1. I love this, just love it! I recently read a string of reviews that implied that it is essential to point out all the ways in which particular books were ideologically flawed as regards sex and race. One reviewer even seemed to be criticizing other reviewers for not pointing out that a character was sexist and criticizing the author for not making clear that his views are wrong. I found it rather frustrating because it was related to a minor point in the book, and the author doesn’t endorse the characters’ views. She just lets him have them. I would hate to think that to be a proper critic—or even amateur blogger—a person must assess whether a book has expressed the appropriate views toward sex, race, sexuality, and so on. I’m also often unsettled when people dismiss classic works as racist or sexist merely because the books either don’t address those issues or address them in ways that don’t jibe with our contemporary understandings. Bringing up the issues can make for interesting conversation, but to say a work is no good because it doesn’t get everything right by our understandings seems limiting.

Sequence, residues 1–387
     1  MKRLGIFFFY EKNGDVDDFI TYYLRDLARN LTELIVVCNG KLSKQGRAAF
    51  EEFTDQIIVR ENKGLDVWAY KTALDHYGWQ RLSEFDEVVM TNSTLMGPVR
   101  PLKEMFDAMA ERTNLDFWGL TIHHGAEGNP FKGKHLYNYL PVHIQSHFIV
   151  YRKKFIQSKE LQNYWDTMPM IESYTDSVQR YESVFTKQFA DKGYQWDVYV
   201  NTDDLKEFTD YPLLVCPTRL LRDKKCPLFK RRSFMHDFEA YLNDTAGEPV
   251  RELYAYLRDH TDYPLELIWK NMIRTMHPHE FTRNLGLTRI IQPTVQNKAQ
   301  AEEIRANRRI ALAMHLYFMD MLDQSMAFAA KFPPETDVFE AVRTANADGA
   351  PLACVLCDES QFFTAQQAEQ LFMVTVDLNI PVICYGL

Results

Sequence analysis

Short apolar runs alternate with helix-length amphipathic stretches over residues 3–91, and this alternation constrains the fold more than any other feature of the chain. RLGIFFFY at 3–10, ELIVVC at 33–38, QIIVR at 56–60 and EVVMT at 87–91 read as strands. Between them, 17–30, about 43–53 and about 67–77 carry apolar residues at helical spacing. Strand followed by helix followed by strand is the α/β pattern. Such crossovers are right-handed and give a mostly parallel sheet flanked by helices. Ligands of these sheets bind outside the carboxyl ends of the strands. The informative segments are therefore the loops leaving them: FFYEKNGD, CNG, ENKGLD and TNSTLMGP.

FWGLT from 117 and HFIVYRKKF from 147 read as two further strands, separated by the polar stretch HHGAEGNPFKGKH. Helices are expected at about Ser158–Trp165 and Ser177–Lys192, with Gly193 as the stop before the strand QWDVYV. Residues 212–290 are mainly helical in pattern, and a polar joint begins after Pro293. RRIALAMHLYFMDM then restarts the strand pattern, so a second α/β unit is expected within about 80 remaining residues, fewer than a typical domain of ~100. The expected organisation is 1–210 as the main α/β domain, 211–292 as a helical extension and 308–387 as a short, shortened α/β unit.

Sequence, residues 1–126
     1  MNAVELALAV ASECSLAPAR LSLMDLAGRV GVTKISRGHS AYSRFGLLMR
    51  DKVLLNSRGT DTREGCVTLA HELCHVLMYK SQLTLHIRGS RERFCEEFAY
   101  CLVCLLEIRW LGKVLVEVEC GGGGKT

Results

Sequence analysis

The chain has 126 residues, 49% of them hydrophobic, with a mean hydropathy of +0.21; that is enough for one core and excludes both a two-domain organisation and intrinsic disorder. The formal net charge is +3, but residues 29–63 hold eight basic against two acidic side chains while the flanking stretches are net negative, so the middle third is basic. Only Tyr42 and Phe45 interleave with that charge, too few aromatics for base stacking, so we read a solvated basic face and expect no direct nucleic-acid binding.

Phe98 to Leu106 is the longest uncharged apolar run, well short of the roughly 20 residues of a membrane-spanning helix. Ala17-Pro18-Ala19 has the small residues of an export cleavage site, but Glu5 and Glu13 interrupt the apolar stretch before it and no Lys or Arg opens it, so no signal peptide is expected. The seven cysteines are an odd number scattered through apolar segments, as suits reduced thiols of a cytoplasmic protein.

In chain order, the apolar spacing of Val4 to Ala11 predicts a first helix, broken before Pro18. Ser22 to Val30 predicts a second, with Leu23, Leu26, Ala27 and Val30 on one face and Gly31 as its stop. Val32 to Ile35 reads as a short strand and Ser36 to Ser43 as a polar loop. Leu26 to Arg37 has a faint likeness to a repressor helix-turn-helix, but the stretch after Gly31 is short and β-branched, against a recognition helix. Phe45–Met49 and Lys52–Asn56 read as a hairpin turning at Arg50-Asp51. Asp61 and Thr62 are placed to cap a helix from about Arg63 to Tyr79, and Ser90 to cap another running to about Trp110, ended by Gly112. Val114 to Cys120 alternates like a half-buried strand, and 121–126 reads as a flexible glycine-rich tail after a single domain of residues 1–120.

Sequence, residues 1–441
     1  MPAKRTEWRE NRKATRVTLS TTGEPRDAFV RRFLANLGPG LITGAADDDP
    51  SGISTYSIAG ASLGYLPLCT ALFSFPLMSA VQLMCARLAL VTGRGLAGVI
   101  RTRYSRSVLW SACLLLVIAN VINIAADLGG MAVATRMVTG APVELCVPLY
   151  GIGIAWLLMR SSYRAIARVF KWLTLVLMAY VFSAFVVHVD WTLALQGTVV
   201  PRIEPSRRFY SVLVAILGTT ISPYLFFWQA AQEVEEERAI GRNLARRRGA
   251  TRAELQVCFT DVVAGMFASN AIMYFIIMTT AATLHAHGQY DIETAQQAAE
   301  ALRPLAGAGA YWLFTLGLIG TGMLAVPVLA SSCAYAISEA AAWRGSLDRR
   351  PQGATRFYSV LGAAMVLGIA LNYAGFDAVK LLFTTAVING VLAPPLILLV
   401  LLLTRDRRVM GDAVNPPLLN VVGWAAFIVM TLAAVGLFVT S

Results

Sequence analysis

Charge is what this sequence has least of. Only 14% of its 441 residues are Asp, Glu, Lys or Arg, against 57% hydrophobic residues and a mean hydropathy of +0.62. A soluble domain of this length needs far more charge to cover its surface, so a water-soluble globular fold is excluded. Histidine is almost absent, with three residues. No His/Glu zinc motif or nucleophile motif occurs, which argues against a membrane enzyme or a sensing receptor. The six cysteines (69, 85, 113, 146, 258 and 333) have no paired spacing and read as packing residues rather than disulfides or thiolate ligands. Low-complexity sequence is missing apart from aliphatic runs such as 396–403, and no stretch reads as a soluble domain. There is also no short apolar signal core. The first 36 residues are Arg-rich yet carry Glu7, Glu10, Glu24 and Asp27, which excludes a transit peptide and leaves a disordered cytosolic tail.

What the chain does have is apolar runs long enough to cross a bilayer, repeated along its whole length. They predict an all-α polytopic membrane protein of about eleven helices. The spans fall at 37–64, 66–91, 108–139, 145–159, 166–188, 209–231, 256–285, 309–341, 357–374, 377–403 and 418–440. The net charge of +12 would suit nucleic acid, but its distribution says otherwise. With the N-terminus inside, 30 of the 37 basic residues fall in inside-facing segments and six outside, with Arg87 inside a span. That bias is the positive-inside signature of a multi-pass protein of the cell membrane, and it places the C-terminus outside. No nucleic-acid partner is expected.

I also love what you say about getting beyond our knee-jerk responses. I find that sometimes the very process of writing a blog post about a book helps me to do that. It may not lead me to some extraordinary insight, but it does help me to pick apart what bits of my response come from me and what comes from the book. And then commenters help me pick that apart even further, and so I become (I hope) a better reader for it.